Right now, state law says no property can be designated for a nuclear plant until there's a government-sanctioned disposal site for waste from the plant. DeVore's bill would have nixed that provision so the planning process for new plants could begin.
Nuclear power will be essential if the state wants to meet its goal of reducing greenhouse gases, DeVore said. Besides, legislators haven't left themselves many options — last year they voted not to renew contracts with electric suppliers that use coal-generated power, and the state lands commission recently rejected a proposed offshore liquefied natural gas terminal.
"Unfortunately, you can't power an electrical grid on good intentions," DeVore said. "I don't see how you get there from here."
Without the "nuclear option," DeVore said he expects the state to become even more dependent on natural gas, which already supplies nearly 40% of California's power. He also predicts that consumers will see their electric rates rise dramatically over the next decade.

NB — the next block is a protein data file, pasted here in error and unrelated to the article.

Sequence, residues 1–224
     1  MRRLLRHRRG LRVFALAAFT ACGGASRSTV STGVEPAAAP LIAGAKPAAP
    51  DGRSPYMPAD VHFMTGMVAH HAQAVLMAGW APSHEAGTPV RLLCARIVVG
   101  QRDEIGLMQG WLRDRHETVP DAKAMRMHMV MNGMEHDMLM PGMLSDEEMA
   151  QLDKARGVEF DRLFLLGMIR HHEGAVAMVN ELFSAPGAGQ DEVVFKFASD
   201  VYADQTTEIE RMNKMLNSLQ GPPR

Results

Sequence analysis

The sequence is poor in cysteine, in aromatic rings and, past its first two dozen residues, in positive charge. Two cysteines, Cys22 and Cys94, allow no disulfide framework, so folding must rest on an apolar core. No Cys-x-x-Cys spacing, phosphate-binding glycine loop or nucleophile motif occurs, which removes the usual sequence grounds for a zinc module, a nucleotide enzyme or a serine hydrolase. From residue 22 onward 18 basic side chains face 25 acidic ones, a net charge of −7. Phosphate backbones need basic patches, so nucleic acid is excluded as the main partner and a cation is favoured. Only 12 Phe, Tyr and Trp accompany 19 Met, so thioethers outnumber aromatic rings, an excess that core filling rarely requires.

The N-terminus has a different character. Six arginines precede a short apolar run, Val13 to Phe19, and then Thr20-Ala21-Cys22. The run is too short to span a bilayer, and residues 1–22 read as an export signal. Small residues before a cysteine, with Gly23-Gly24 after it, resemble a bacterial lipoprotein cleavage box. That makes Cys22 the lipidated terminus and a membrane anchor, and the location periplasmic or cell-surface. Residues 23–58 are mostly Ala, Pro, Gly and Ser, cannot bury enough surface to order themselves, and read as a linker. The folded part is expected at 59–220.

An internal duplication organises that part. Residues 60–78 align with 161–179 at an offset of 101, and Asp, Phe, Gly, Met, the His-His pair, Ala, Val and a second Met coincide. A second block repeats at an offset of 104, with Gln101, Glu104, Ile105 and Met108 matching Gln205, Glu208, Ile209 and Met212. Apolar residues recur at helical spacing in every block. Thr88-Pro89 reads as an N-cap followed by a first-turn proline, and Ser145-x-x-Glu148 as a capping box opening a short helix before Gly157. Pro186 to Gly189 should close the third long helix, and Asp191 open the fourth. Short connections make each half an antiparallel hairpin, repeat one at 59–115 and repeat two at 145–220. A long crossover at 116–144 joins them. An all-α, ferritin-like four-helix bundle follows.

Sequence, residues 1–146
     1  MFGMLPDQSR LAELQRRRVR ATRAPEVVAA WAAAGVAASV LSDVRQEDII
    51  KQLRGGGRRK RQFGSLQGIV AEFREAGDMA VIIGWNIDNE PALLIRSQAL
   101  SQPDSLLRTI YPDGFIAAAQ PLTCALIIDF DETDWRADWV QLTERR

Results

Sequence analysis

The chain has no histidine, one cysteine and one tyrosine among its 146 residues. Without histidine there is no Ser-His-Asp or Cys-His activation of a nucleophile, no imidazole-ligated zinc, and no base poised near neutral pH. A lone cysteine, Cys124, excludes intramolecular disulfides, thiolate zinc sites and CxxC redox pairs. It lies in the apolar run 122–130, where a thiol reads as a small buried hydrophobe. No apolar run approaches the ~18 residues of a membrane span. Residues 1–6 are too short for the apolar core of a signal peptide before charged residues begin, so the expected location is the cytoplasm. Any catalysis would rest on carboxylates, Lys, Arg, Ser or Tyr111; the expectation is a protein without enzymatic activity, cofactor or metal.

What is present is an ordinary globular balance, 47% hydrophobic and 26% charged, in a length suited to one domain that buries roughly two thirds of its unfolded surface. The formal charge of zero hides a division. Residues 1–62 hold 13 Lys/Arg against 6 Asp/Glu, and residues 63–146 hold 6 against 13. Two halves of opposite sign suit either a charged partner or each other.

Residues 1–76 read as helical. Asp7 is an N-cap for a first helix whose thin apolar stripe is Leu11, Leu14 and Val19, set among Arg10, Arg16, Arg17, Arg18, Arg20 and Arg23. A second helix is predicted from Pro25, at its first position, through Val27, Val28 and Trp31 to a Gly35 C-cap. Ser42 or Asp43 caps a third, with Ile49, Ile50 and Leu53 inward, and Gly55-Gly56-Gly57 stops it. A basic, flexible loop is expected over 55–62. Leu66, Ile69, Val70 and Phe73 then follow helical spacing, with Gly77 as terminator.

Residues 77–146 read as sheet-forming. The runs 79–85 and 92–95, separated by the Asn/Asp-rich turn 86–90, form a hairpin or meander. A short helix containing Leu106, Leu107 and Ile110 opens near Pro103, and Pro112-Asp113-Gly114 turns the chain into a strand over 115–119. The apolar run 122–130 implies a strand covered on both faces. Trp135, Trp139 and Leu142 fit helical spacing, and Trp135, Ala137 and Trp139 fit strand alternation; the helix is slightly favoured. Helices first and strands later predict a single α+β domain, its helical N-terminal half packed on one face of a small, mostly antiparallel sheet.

True to form, DeVore isn't giving up. He said he'll bring the bill back next session and take it a step further by removing the state's other restriction on nuclear power. It prohibits plants from reprocessing nuclear fuel.
Also, a consortium of investors in Fresno is considering a ballot initiative to allow a plant in that city, DeVore said, adding, "I would be much inclined to help them."
MEETING SET ON GOLF COURSE
Expect a packed room Monday when Newport Beach’s citizens aviation committee meets to talk about the future of the back nine holes of the Newport Beach Golf Course. The county owns the parcel where they sit, and airport officials are considering other uses when the golf course’s lease ends July 31.